St. Basil would not be intimidated
excerpt from a life:
The Arian emperor Valens, mercilessly sent into exile any bishops who displeased him. He sent to Saint Basil the prefect Modestus, who began to threaten the saint with ruin, banishment, beatings and even death by execution. St. Basil replied:
"All this for me means nothing, since one cannot be deprived of possessions that one does not have, beyond some old worn-out clothing and some books, which comprises the entirety of my wealth. For me it would not be exile, since I am bound to no particular place, and this place in which I now dwell is not mine, and indeed any place whither I be cast shalt be mine. Better it is to say: everywhere is the place of God, whither be naught stranger nor new-comer (Ps. 38). And what tortures can ye do me? – I am so weak, that merely but the very first blow will be felt. Death for me would be an act of kindness: it wilt bring me all the sooner to God, for Whom I live and do labour, and to Whom moreover I do strive".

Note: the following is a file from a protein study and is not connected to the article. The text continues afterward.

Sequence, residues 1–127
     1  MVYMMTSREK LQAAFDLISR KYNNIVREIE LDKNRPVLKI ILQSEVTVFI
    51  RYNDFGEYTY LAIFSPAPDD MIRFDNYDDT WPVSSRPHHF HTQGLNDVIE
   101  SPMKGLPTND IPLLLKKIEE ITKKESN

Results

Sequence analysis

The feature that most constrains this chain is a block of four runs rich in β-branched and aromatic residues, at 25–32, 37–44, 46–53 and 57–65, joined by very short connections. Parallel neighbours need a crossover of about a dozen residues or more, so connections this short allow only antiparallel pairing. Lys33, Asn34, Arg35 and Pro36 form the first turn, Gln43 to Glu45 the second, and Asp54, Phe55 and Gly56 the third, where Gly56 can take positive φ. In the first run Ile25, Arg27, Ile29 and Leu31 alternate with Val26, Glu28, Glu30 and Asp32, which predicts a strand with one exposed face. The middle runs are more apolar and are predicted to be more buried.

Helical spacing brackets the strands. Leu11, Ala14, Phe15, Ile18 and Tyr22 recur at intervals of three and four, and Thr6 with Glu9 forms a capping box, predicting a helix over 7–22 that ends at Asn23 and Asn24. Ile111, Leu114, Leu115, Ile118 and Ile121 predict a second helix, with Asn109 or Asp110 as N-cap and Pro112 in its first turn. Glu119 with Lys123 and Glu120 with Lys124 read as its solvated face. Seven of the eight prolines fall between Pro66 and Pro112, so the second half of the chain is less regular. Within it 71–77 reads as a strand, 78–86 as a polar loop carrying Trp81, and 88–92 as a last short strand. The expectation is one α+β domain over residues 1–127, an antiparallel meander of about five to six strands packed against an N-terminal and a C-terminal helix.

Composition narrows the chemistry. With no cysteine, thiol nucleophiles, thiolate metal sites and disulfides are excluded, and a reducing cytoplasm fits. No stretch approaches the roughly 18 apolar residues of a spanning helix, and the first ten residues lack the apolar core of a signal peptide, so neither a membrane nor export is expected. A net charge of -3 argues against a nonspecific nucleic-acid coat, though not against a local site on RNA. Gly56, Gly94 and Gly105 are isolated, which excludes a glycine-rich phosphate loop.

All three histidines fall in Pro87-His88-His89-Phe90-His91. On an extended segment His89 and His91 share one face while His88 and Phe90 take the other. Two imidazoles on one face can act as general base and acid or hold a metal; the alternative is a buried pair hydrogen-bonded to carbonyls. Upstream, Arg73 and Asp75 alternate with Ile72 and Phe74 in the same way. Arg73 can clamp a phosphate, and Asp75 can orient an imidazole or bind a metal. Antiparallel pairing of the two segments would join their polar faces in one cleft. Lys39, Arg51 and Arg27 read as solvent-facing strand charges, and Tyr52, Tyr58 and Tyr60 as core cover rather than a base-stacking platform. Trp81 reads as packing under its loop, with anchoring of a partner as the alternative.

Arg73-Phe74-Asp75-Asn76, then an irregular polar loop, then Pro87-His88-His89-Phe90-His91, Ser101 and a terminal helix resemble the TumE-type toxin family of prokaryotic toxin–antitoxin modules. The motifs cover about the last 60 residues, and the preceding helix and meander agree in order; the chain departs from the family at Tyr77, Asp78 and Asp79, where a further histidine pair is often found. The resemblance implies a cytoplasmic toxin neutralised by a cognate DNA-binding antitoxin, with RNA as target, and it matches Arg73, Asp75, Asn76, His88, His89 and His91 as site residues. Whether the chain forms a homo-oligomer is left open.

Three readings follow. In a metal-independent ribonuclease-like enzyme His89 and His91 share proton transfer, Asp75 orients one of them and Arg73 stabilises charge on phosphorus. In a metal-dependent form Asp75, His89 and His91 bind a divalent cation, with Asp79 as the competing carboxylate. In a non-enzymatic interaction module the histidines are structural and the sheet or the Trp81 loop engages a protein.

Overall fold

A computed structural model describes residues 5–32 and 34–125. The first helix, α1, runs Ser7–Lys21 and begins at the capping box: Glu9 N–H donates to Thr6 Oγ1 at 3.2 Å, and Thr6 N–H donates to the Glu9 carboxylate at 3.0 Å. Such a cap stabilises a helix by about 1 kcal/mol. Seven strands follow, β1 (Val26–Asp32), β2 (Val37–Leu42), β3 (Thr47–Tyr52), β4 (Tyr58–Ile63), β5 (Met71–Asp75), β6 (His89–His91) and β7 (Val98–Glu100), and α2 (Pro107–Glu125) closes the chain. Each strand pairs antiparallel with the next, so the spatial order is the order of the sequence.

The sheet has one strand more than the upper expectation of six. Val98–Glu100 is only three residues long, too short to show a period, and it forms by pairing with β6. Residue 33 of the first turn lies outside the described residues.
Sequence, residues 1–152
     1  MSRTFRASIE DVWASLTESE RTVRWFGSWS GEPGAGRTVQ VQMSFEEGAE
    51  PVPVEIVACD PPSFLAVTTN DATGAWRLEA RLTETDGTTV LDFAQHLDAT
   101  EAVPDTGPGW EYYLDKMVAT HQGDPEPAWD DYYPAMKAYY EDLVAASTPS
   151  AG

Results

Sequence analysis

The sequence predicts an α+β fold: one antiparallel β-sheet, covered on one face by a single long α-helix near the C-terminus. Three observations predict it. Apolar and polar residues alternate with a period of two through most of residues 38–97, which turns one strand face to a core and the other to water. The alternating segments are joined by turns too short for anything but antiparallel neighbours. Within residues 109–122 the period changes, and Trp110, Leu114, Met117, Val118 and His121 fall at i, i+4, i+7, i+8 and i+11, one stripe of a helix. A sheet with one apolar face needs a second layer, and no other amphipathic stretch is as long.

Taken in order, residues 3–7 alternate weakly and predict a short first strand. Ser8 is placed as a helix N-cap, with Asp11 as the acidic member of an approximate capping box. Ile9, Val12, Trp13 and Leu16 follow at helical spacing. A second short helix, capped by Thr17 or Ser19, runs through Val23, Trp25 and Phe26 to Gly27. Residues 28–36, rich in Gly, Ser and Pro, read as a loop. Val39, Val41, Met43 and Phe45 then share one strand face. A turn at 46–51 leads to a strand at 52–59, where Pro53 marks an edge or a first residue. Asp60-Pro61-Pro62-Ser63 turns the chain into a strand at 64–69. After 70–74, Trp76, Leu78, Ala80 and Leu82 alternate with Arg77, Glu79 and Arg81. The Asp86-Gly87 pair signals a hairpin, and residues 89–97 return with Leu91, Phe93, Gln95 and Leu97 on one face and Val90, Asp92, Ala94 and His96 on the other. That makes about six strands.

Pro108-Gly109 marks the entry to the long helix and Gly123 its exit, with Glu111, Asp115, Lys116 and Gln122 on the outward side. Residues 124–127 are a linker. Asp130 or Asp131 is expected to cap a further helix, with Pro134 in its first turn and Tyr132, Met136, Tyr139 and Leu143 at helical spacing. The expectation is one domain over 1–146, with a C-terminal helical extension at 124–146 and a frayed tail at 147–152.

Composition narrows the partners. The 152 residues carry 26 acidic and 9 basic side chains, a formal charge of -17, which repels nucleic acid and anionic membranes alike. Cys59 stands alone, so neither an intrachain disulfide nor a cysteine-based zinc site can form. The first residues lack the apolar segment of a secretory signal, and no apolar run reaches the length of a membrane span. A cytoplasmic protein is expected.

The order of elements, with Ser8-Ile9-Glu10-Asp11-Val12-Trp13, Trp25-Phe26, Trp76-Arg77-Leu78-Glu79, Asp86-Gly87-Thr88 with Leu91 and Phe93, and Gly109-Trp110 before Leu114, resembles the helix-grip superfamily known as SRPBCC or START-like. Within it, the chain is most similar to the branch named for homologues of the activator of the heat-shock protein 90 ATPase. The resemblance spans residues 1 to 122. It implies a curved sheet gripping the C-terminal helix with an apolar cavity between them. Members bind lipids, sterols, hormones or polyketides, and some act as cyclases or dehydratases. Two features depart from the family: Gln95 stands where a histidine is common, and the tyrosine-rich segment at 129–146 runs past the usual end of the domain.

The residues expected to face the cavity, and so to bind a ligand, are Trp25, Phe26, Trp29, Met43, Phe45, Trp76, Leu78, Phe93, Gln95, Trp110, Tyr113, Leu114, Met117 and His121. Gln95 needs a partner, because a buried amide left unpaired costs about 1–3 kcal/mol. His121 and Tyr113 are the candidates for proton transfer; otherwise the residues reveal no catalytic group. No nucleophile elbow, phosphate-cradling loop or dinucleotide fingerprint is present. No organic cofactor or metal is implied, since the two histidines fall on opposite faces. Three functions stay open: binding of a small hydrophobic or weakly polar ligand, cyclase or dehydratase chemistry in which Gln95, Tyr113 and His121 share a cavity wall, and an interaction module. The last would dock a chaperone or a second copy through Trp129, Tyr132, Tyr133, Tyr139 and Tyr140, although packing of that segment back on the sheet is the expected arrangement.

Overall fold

The official was bewildered by such an answer, having never heard someone speak like this. St. Basil continued:
"Perhaps, thou hast never had encounter with a bishop; otherwise, without doubt, thou wouldst have heard suchlike words. In all else we are meek, the most humble of all, and not only afront the mighty, but also afront all, since such is prescribed for us by the law. But when it is a matter concerning God and they make bold to rise up against Him, then we – being mindful of naught else, think only of Him alone, and then fire, sword, wild beasts and chains, the rending of the body, would sooner hold satisfaction for us, than to be afraid".